Exaggeration to the Point: The horrific element is a glorious, outrageous, grotesque enlargement of some feature of the matter underneath. Example: Ginger Snaps.
Startling Juxtaposition: The horrific element contrasts with other elements of the situation. Example: The Hills Run Red.
Thrills: The horrific element is what brings tension and excitement to the situation. Example: Wolfman.
Moral Disgust: The horrific element embodies moral judgment upon the characters or circumstances in the situation. Example: Isolation.
Sooo Deep: The horrific element is supposed to blow your mind, man, but since the underlying situation isn't interesting the horrific element is just so much noise. Example: The Passengers.
Sick Glee: The horrific elements fulfill violent fantasies (even if it's underneath a veneer of moral disgust). Example: Jack Ketchum's The Lost.

It really struck me that movies' horrific elements exist in particular different places within and around situation. This seems like fantastically fruitful game design territory. I want to say more about it, but I can't figure out how - any thoughts, anybody?


6. On 2010-11-03, Vincent said:

Compassionate: The movie cares about its characters, feels for them, and treats them with depth and grace. Example: Lake Mungo.
Critical: The movie has a sharp, incisive, well-founded, critical take on its subject matter. Example: Pick Me Up.
Topical: The movie has something to say about something, generally, so that's fine. Example: The Wilderness.
Thrilly: The movie doesn't have much to say about much, but whatever, that's not the point. Example: An American Werewolf in London.
Contemplative: The movie raises a topic but doesn't, after all, have much to say about it. Example: Monsters.
Preachy: The movie has something to say about something, but it's hamfisted and simplistic. Example: The Last Winter.
Stupid: The movie regurgitates that same stupid thing. Example: Splice ("Me go too far! Me am play gods!").
Vicious: The movie hates and despises its characters and wants to punish and belittle them. Example: Jack Ketchum's The Lost.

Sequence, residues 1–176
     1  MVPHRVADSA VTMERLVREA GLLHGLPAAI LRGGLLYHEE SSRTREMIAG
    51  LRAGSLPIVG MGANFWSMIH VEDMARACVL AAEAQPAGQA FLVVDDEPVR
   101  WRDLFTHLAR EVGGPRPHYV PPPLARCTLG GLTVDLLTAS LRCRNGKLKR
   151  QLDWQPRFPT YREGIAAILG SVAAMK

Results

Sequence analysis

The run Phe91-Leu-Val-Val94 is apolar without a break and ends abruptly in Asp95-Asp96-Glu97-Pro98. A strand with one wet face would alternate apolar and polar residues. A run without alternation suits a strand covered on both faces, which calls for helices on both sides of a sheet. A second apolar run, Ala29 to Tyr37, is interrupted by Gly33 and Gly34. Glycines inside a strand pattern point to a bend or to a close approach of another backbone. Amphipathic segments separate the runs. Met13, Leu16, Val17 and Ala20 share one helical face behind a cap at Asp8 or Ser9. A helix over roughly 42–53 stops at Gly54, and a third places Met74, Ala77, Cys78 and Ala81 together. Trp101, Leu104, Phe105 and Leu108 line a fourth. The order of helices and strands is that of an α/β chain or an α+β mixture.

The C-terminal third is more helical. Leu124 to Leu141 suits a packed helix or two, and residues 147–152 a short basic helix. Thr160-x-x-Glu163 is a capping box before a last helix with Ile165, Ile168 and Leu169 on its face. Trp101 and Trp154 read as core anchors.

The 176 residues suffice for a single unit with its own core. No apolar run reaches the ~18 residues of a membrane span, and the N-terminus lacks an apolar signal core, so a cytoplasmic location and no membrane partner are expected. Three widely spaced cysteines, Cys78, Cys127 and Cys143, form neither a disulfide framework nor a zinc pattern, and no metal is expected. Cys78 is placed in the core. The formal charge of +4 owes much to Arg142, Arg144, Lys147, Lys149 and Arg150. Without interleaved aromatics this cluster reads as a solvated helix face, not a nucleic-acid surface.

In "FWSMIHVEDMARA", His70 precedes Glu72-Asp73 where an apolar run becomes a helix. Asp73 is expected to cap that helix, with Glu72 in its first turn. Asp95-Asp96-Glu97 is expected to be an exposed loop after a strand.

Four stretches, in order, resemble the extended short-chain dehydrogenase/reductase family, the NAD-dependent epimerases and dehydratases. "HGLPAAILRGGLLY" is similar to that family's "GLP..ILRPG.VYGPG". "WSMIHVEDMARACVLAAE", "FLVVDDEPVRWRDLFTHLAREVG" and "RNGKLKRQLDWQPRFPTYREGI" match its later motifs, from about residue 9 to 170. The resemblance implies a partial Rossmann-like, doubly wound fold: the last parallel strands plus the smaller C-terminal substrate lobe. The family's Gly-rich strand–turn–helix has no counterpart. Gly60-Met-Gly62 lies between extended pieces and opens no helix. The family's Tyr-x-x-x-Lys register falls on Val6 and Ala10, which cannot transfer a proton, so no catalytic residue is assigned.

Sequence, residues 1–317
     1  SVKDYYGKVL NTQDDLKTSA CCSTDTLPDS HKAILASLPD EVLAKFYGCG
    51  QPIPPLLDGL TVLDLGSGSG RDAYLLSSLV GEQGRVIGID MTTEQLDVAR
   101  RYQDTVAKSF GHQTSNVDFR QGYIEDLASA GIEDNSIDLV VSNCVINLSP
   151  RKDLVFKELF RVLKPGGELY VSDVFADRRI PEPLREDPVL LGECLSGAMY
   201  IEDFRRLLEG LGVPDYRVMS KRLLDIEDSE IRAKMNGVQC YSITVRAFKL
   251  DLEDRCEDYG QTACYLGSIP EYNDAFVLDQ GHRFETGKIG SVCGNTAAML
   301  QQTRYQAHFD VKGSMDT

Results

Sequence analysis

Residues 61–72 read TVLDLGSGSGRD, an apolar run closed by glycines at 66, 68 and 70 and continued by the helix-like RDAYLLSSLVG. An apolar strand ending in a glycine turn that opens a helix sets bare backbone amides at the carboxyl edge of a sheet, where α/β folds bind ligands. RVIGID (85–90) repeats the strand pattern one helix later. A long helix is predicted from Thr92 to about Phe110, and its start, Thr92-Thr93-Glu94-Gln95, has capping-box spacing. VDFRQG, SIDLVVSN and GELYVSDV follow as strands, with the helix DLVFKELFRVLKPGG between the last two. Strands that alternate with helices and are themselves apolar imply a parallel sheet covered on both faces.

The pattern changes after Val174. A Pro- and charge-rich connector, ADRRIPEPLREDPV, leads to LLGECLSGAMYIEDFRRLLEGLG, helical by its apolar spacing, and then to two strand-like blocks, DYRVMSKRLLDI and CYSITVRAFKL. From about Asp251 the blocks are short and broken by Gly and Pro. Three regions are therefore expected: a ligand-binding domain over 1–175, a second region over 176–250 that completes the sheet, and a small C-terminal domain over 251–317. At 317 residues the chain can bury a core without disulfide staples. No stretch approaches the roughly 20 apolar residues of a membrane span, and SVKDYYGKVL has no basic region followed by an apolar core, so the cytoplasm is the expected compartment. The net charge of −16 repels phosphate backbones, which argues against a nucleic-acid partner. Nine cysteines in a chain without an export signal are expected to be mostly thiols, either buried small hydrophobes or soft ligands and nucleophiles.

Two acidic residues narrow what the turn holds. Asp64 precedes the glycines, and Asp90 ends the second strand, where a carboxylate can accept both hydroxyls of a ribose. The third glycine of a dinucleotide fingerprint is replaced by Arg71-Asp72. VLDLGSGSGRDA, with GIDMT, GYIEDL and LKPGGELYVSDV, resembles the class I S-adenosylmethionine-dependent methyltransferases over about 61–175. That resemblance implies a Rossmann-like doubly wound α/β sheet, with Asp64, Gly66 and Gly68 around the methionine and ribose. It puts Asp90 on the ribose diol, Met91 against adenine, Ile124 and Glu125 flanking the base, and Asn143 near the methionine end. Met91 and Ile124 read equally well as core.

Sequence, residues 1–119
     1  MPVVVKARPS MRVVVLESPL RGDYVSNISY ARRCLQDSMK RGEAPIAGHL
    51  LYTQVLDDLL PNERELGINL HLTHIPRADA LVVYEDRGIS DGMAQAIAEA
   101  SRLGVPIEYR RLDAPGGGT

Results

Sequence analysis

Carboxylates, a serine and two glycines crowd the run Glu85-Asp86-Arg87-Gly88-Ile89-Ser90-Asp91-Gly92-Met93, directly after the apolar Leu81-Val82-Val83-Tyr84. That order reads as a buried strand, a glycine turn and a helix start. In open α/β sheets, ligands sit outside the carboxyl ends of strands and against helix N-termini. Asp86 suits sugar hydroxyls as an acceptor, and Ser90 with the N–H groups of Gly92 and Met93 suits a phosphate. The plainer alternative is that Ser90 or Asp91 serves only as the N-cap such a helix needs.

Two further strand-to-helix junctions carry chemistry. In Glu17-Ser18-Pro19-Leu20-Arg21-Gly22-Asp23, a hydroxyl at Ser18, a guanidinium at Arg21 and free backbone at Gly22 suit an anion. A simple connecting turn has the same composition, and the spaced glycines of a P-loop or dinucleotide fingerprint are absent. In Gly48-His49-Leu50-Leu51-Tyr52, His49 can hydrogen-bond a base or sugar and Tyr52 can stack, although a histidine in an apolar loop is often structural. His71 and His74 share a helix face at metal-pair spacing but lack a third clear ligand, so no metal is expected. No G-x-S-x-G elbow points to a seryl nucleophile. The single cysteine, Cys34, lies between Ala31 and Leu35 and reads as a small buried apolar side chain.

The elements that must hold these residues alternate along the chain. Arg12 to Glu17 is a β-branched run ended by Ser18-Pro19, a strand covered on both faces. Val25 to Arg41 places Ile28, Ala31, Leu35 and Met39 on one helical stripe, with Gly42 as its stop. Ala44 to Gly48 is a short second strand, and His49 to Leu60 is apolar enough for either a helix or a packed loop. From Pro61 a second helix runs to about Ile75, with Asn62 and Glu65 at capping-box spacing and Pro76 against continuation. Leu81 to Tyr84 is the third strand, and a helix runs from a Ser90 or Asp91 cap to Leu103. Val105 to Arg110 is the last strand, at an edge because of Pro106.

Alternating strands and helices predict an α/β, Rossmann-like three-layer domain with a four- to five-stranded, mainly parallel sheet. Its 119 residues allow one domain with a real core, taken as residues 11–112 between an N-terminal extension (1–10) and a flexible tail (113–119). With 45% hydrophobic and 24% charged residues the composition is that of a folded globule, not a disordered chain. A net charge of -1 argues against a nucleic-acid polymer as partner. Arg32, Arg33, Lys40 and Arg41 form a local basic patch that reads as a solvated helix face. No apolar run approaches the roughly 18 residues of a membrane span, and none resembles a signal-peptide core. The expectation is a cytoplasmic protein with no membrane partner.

Deep: The women in the movie have pasts, inner lives, individuality, humanity. Example: Mulberry Street.
Quirky: The women in the movie probably have pasts and inner lives and stuff, all signs point to yes, but the movie doesn't develop them deeply. Example: Isolation.
Diverse: There are several women in the movie and they all have individuality and character. Example: Carriers.
Strong: The women in the movie are tough, competent, capable, and intense. Example: The Screwfly Solution.
Stock: The women in the movie are recognizable stock types. Example: The Last Winter.
Shrill: The women in the movie mostly fret, bicker, nag and scream. Example: Frozen.
Evil: The women in the movie are all wicked stepmothers and seductive stepdaughters. Example: Splice ("Me go too far! Me am play gods!").
None to speak of: What women? Example: Dreams of Cthulhu: Rough Magik Initiative.
Cliched: Wicked stepmothers and seductive stepdaughters, yes, but also virginal daughters in danger, self-sacrificing mothers, wise grandmothers, nagging girlfriends, put-upon supportive wives, ever-faithful fiances. Example: The Other Side.

Nuanced & Convincing: The relationships in the movie are complex, realistic, and well-observed. Example: Ginger Snaps.
Broadly Drawn, Positive: The relationships in the movie are stock, not especially insightful, but overall good: people who care about each other, care about each other. Example: Isolation.
Broadly Drawn, Negative: The relationships in the movie are stock, and furthermore bad: people who are supposed to care about each other instead bicker, fight, lie and resent. Example: Frozen.
Idealized: The relationships in the movie are stock, plus static. Relationships never transcend their types. Example: The Mist.
Trite & crappy: ...And furthermore, the relationships' types are all the worst ones. Example: The Tomb.


7. On 2010-11-03, Vincent said:

And finally...



8. On 2010-11-03, Eppy said:

I'm a fan of many pies, but these might be some of my favorites.


9. On 2010-11-03, Bret said:


I wish I could do something this brilliant with my 31 in 31. I guess I could just steal all your material and make my own pie charts.

And boy, you sure didn't like Splice and Frozen. I thought Frozen's horror/tension didn't come from the wolves (who were really just overkill) but at the extreme things they had to contemplate and do to survive.

Like, that first guy to go - what he did had me whiteknuckled.


10. On 2010-11-03, Vincent said:

Oh! I should say which ones I liked.

Must See: Lake Mungo, Mulberry Street, the halloween episode of Community.
Skip with Prejudice: Jack Ketchum's The Girl Next Door, Left in Darkness, Paranormal Activity.
Don't say I didn't warn you: Splice ("Me go too far! Me am play gods!"), The Mist, The Screwfly Solution.

The "don't say I didn't warn you" ones are flicks I like, but also hate (the first two) or look narrowly at (the third).

The other categories, eh, you know how it is when you try to recommend movies. I just can't get past it when a guy doesn't go into shock (Frozen), but when a genetically-manipulated cow can infect humans with genetic manipulation syndrome (Isolation), that's okay with me. Don't ask me why.

If anybody wants to know how I listed a particular movie on the list, ask away!


11. On 2010-11-03, Robert Bohl said:

Vincent, I wonder whether some of these bad things (like a vicious mindset toward the characters) might be good in context with other things. Like Teeth is in some ways a good movie despite (and in some respects because of) hating its characters.